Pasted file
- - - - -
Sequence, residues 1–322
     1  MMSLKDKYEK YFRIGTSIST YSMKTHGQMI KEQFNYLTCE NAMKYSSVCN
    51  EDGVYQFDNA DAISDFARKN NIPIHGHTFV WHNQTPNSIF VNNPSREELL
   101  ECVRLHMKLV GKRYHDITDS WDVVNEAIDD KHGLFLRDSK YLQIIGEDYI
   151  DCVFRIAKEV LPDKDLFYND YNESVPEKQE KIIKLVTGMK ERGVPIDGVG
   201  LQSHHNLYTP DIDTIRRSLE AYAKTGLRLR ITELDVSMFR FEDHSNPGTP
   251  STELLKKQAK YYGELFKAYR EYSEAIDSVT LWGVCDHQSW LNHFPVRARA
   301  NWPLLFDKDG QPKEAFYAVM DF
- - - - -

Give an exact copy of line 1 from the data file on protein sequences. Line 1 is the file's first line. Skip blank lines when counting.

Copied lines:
Sequence, residues 1–322